Teamwork Contributions

Thinking About Who Deserves Credit for Good Teamwork

Yesterday I wrote about the Availability Heuristic, the term that Daniel Kahneman uses in his book Thinking Fast and Slow to describe the ways in which our brains misjudge frequency, amount, and probability based on how easily an example of something comes to mind. In his book, Kahneman describes individuals being more likely to overestimate things like celebrity divorce rates if there was recently a high profile and contentious celebrity divorce in the news. The easier it is for us to make an association or to think of an example of a behavior or statistical outcome, the more likely we will overweight that thing in our mental models and expectations for the world.

 

Overestimating celebrity divorce rates isn’t a very big deal, but the availability heuristic can have a serious impact in our lives if we work as part of a team or if we are married and have a family. The availability heuristic can influence how we think about who deserves credit for good team work.

 

Whenever you are collaborating on a project, whether it is a college assignment, a proposal or set of training slides at work, or keeping the house clean on a regular basis, you are likely to overweight your own contributions relative to others. You might be aware of someone who puts in a herculean effort and does well more than their own share, but if everyone is chugging along completing a roughly equivalent workload, you will see yourself as doing more than others. The reason is simple, you experience your own work firsthand. You only see everyone else’s handiwork once they have finished it and everyone has come back together. You suffer from availability bias because it is easier for you to recall the time and effort you put into the group collaboration than it is for you to recognize and understand how much work and effort others pitched in. Kahneman describes the result in his book, “you will occasionally do more than your share, but it is useful to know that you are likely to have that feeling even when each member of the team feels the same way.”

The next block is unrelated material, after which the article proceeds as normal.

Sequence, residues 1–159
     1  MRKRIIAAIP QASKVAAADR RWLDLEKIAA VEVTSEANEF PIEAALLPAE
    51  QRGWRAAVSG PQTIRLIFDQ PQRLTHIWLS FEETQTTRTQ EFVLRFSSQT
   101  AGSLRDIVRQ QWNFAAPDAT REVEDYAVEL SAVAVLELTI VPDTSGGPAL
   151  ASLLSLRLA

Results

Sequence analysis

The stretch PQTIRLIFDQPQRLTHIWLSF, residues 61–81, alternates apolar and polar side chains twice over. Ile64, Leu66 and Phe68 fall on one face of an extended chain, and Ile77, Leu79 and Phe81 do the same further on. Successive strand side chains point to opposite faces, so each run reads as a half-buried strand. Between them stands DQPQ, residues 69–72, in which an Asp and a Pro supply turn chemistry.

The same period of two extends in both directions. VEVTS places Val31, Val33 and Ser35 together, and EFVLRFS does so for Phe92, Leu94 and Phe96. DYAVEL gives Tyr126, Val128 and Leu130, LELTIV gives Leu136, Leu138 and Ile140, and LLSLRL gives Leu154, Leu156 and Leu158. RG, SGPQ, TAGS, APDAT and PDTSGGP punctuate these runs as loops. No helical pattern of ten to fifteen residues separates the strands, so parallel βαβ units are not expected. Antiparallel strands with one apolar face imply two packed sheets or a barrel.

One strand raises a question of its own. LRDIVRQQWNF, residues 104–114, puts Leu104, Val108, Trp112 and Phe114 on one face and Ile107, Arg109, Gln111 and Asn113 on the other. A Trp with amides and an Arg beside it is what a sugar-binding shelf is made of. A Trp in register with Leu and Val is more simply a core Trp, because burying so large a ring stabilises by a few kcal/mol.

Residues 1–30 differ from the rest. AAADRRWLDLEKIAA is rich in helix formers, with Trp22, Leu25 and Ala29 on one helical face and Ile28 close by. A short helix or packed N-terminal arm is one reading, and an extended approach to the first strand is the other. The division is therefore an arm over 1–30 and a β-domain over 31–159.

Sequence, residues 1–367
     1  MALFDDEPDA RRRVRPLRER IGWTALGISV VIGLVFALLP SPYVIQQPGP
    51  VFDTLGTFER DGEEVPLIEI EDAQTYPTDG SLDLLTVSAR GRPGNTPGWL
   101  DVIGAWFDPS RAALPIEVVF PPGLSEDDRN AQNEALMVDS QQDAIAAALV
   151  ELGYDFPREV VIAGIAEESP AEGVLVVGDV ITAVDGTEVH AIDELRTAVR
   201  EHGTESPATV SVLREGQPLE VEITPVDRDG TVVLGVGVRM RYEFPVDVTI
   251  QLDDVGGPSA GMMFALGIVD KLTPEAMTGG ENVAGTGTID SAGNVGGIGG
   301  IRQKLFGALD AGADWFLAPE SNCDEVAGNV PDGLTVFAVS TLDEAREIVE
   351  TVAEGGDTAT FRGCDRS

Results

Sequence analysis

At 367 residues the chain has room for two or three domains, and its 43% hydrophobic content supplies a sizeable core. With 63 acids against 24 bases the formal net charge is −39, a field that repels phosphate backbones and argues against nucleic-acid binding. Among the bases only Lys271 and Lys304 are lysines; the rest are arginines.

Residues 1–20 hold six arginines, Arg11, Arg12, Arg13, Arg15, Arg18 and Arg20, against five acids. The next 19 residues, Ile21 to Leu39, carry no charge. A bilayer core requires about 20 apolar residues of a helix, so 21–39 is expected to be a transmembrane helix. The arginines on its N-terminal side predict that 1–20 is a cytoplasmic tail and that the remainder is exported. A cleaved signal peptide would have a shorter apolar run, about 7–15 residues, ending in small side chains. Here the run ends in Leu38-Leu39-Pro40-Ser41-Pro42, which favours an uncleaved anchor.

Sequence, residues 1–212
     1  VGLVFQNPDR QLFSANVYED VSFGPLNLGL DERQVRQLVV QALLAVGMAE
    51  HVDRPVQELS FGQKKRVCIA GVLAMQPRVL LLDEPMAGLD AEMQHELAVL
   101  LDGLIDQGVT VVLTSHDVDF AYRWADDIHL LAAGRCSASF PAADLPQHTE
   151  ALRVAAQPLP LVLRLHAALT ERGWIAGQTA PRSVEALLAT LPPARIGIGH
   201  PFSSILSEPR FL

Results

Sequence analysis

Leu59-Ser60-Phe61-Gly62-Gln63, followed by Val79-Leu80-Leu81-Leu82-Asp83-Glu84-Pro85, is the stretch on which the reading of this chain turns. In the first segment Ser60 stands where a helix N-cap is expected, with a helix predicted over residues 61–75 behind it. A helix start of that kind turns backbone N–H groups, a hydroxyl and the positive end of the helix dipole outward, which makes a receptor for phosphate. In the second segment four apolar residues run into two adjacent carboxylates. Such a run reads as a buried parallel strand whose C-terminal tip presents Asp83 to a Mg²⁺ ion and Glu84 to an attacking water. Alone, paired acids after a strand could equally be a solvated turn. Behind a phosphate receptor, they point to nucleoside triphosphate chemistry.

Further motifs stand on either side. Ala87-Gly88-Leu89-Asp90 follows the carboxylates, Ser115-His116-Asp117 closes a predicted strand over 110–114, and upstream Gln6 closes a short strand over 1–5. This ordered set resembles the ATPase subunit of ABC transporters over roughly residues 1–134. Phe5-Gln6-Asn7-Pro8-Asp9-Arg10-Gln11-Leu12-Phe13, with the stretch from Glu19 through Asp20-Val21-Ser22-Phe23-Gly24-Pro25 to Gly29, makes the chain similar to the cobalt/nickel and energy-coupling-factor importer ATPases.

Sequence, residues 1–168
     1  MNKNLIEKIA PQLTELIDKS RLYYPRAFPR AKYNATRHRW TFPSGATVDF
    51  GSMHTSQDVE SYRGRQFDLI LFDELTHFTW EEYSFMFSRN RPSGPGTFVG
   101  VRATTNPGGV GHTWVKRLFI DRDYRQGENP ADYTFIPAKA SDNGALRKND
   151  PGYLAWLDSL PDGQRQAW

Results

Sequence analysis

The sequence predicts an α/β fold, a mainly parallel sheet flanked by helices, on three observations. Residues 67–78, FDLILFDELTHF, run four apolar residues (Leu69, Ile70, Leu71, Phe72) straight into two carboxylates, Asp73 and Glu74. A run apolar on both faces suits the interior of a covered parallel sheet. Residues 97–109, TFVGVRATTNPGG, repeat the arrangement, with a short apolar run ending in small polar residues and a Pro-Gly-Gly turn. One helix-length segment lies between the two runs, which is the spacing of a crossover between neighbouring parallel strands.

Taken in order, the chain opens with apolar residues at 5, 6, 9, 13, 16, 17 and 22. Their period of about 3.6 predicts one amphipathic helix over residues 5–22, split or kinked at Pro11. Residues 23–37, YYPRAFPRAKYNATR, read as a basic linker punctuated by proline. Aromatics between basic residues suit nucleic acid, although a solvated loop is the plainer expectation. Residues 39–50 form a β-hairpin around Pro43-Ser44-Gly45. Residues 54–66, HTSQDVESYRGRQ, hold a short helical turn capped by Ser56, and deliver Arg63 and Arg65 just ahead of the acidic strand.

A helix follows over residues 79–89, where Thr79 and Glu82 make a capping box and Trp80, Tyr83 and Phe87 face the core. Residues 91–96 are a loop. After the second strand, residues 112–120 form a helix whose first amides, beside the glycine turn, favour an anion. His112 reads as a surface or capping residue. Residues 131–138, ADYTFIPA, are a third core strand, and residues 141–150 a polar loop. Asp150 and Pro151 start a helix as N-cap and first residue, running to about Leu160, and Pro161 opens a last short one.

Even if everyone did an equal amount of work, everyone is likely to feel as though they contributed more than the others. As Kahneman writes, there is more than 100% of credit to go around when you consider how much each person thinks they contributed. In marriages, this is important to recognize and understand. Spouses often complain that one person is doing more than the other to keep the house running smoothly, but if they complain to their partner about the unfair division of household labor, they are likely to end up in an unproductive argument with each person upset that their partner doesn’t recognize how much they contribute and how hard they work. Both will end up feeling undervalued and attacked, which is certainly not where any couple wants to be.

 

Managers must be aware of this and must find ways to encourage and celebrate the achievements of their team members while recognizing that each team member may feel that they are pulling more than their own weight. Letting everyone feel that they are doing more than their fair share is a good way to create unhelpful internal team competition and to create factions within the workplace. No professional work team wants to end up like a college or high school project group, where one person pulls and all-nighter, overwriting everyone else’s work and where one person seemingly disappears and emails everyone last minute to ask them not to rat them out to the teacher.

 

Individually, we should acknowledge that other people are not going to see and understand how much effort we feel that we put into the projects we work on. Ultimately, at an individual level we have to be happy with team success over our individual success. We don’t need to receive a gold star for every little thing that we do, and if we value helping others succeed as much as we value our own success, we will be able to overcome the availability heuristic in this instance, and become a more productive team member, whether it is in volunteer projects, in the workplace, or at home with our families.
Making People Feel Valuable

Making People Feel Valuable

Toward the end of his book Dreamland, Sam Quinones quotes a the VP of sales from a shoelace factory in Portsmouth Ohio named Bryan Davis. Speaking of the company that Davis helps run, and discussing how Davis and a few others took over a failing shoelace company and reinvented it, Davis says, “It’s all been about money, the mighty dollar. The true entrepreneurial spirit of  the U.S. has to be about more than that. It has to be about people, relationships, about building communities.”